Decades ago, when THE ART OF THE DEAL was high atop the bestseller list, I can remember hearing Trump brag to some fawning interviewer that his board game was the bestselling board game of all time. It was such a trivial bit of self-aggrandizement. The presidency is important — it comes with awesome powers, responsibilities, and opportunities — but being president always seemed like an afterthought to him. It was all about winning, and now that the path to victory is looking as elusive as it is, he’s sweeping the pieces off the board and taking it home. Sad!

Metro New York Stays Calm and Carries On

A bomb exploded on Manhattan’s 23rd Street and 6th Avenue over the weekend, injuring 29 but killing no one; another un-exploded device turned up on 27th Street when thieves dumped it out of the suitcase it was in so they could steal it. Another bomb went off without hurting anybody in Seaside Heights, New Jersey, and still more unexploded bombs were discovered in Elizabeth, New Jersey when another pair of would-be thieves made off with the duffel bag they were in, but reported its contents to the police. The bomber, Ahmad Khan Rahami, who may or may not have received training and material assistance from Isis or some other terrorist organization, was swiftly apprehended, but not before Donald J. Trump jumped in to raise the fear quotient and deplore the political correctness that prevents American police from treating Islamic visitors, residents, and citizens like Israel treats theirs. As New York magazine’s Eric Levitz put it:

‘Our local police, they know who a lot of these people are. They’re afraid to do anything about it because they don’t want to be accused of profiling,’ Donald Trump told Fox & Friends Monday morning. ‘You know, in Israel they profile. They’ve done an unbelievable job, as good as you can do.’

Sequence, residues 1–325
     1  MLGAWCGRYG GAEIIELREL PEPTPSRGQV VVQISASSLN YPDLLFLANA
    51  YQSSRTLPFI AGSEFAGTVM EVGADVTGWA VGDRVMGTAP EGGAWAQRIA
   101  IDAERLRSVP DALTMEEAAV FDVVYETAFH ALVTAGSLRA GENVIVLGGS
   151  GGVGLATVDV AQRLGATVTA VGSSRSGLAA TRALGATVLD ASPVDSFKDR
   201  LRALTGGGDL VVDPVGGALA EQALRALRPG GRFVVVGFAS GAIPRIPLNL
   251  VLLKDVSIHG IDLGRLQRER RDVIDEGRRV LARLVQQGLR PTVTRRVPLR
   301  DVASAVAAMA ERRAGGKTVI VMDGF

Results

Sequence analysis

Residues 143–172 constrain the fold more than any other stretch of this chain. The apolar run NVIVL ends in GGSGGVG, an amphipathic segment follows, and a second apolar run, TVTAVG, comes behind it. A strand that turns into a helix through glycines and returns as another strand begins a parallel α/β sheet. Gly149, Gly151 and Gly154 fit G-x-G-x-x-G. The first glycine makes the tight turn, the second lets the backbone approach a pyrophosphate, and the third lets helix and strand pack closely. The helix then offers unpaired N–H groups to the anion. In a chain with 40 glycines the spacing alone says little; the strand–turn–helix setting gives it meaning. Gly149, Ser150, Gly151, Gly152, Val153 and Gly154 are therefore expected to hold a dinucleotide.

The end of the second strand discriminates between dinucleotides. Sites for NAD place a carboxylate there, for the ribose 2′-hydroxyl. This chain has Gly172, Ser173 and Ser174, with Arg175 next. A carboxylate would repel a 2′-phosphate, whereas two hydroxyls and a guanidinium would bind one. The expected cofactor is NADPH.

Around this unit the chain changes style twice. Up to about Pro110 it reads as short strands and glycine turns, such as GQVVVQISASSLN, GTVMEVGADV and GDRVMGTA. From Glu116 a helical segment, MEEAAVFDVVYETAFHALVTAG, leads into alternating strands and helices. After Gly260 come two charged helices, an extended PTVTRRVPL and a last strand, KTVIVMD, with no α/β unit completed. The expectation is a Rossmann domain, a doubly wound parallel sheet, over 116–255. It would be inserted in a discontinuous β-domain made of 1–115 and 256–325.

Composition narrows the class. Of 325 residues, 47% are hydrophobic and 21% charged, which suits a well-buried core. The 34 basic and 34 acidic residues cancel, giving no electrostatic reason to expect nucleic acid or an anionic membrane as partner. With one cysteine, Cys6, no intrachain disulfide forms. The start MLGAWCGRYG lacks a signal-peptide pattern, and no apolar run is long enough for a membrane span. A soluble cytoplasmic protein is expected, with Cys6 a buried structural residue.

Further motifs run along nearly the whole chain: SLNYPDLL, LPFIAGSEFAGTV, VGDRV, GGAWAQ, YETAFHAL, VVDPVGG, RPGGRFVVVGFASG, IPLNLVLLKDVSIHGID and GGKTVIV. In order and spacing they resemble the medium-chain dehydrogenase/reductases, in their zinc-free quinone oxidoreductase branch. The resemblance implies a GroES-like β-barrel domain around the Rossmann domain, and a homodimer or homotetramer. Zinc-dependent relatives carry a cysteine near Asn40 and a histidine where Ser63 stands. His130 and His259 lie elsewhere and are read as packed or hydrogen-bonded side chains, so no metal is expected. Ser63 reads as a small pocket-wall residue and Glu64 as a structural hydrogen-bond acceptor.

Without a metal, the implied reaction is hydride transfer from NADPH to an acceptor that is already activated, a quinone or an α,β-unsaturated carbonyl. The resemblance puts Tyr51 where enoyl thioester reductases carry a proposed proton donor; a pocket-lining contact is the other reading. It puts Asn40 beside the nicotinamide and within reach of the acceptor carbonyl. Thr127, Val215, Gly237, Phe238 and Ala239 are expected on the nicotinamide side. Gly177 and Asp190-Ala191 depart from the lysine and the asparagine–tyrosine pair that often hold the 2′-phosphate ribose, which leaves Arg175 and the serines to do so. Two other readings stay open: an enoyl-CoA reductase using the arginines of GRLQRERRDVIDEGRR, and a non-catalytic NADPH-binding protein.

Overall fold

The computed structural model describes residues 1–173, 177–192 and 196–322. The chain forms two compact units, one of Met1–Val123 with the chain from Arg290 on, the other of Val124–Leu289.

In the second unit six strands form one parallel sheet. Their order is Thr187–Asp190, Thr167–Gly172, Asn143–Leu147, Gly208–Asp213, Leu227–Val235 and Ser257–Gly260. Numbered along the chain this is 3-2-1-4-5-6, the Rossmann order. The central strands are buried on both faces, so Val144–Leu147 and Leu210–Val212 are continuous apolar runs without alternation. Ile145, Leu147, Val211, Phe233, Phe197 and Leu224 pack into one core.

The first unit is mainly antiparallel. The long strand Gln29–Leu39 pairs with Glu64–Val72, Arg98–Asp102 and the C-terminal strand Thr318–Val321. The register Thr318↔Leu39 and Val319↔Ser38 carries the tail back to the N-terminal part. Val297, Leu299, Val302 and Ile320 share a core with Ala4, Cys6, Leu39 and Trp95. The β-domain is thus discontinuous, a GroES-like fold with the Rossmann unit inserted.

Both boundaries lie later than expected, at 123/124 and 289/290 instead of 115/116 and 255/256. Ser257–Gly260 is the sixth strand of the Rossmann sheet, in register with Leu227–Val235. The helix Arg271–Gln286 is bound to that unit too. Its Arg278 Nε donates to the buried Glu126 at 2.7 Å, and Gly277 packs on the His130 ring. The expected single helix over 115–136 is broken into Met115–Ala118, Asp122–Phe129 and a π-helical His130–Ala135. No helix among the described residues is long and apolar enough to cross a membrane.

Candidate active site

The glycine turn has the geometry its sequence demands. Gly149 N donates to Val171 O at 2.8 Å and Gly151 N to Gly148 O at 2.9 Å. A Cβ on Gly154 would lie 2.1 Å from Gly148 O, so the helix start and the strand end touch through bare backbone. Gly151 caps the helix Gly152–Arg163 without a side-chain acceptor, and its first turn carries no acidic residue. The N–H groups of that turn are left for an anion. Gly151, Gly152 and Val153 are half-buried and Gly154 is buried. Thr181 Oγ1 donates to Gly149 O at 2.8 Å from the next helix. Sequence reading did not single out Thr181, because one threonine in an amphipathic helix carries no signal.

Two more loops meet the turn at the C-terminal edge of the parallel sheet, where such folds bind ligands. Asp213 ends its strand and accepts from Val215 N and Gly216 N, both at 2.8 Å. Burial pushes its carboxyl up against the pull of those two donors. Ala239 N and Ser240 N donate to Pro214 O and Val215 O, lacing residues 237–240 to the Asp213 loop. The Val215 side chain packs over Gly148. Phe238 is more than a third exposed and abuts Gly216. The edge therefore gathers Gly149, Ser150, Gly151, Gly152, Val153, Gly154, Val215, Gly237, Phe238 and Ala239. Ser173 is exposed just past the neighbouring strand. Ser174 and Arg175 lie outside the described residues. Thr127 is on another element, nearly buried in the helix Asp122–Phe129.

Trump went on to condemn President Obama for allowing Muslim refugees into the country, decrying the effort to resettle Syrians displaced by war as a ‘Trojan horse’ whose true effect would be to fill America with ISIS agents.

‘How they came into the country in the first place is beyond me,’ Trump said of legal American residents whom he hopes to represent as president. ‘This is cancer from within. This is something that’s going to be so tough. They stay together. They’re plotting.’

Meanwhile, the press marveled at how the sense of business-as-usual prevailed. I love my city and I’m proud of our sangfroid. But I’m not an exceptionalist about it–New York, I think, is like all really big cities (I’m thinking of London in the Blitz) that go on because they have to.

Urban density means you’re not afraid of foreign and ethnic and ideological differences, because you share space with them. There are hundreds of thousands of Islamic and Spanish-speaking people here, not to mention Greeks, Italians, Indians, Asians, and more. Beyond that, we’re constantly having our faces shoved in horrible stuff–poverty, despair, madness, extreme politics of every stripe. I live my nice live in a nice house in a city that is statistically safer than most, but I’ve heard gunfire outside on more than one occasion, and I’ve looked down the barrel of a gun (as many of us have if we’ve lived here long enough). Seven million of us survived 9/11; it was horrible, but we know for a fact that it wasn’t the end of the world. Perfect security is an illusion anyway–people who die of cancer or in car accidents are just as dead as people who die in terrorist bomb blasts and from bullets from legal or illegal guns–but it’s much easier to sustain it when you live in a bubble.

Donald Trump is a New Yorker too, but he was born rich and he cut his teeth in his father’s business, which was building, selling, and managing segregated housing. His life’s mission has been to divide black from white, the rich from the middle class, the middle class from the poor, the hot from the non-hot, and the famous from the non-famous, and now he has applied it to his politics too. Fear and loathing sells, but despite all his efforts, it doesn’t sell anywhere near as well here as it does in other, less-crowded places.